U.S. President Donald Trump on Wednesday extended existing U.S. sanctions on North Korea for another year, citing the continued “unusual and extraordinary” threat posed by the regime.
In a routine notice sent to Congress, Trump wrote that he is continuing the “national emergency with respect to North Korea” that was first declared on June 26, 2008, by Executive Order 13466.
The executive order, which was further expanded under Trump and previous administrations, calls for sanctions on North Korea for its nuclear and ballistic missile programs.
“The existence and risk of proliferation of weapons-usable fissile material on the Korean Peninsula and the actions and policies of the Government of North Korea continue to pose an unusual and extraordinary threat to the national security, foreign policy, and economy of the United States,” Trump wrote in the notice, explaining his reason for extending the national emergency beyond June 26.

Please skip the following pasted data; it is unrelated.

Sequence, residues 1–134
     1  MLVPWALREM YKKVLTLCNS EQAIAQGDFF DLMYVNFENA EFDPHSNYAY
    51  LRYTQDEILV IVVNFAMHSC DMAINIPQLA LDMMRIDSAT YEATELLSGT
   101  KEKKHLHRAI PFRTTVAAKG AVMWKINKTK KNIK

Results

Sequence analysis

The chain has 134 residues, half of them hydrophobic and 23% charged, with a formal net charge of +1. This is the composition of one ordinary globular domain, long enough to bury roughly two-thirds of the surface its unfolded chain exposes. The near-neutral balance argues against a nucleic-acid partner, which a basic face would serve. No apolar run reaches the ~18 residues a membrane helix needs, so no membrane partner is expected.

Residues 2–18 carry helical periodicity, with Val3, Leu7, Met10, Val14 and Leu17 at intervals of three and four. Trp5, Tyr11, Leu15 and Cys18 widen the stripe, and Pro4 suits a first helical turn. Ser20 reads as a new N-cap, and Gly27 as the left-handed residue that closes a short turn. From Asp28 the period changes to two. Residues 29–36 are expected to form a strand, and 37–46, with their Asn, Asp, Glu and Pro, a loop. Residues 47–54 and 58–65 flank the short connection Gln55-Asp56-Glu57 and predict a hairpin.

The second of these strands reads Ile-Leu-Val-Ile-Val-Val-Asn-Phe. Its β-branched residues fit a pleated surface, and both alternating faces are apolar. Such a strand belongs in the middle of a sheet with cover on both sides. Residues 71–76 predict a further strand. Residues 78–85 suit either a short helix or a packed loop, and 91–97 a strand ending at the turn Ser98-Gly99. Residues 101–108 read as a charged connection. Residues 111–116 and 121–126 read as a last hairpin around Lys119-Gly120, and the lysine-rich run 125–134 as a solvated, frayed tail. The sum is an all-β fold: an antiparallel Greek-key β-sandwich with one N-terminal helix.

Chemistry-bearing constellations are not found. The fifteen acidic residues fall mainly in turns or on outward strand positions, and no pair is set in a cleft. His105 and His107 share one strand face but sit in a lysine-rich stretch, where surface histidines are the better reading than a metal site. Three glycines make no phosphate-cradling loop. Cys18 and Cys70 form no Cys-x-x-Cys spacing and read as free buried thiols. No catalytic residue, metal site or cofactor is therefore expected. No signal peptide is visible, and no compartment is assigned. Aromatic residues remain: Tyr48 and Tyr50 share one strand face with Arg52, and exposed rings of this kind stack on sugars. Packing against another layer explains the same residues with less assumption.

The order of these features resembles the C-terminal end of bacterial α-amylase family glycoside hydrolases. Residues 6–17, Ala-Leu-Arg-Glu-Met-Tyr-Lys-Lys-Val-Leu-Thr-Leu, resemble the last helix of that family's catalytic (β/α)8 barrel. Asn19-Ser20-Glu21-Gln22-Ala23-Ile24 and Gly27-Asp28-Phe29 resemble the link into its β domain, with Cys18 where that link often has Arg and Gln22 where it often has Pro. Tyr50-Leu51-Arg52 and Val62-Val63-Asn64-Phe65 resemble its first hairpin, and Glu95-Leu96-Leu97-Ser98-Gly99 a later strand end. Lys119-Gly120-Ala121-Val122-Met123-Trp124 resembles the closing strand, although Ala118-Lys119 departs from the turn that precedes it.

In an accompanying letter to Congress, Trump also wrote that the North Korean government’s actions and policies “destabilize the Korean Peninsula and imperil United States Armed Forces, allies, and trading partners in the region.”
In particular he cited the North’s pursuit of nuclear and missile programs, and “other provocative, destabilizing, and repressive” actions and policies of the North Korean government.
By law, the national emergency declaration would be automatically terminated unless the president renews it within 90 days ahead of its anniversary date.
The renewal is routine but comes at a time of heightened tensions on the Korean Peninsula amid the North’s increasing military threats against the South.
Pyongyang has justified its actions, including the demolition of an inter-Korean liaison office this week, by accusing Seoul of failing to stop defectors from flying anti-Pyongyang propaganda leaflets into the North by balloon, as agreed upon in 2018.
Analysts say the communist nation is also increasing leverage in order to extract concessions from the U.S. when the two sides eventually sit down to continue denuclearization negotiations.
Trump and North Korean leader Kim Jong-un have met three times in the past two years to try to reach a deal on dismantling North Korea’s nuclear program in exchange for concessions.
The negotiations have all but stopped since their second summit in Vietnam in February 2019, when the meeting was cut short due to differences over the scope of North Korea’s denuclearization and sanctions relief from the U.S.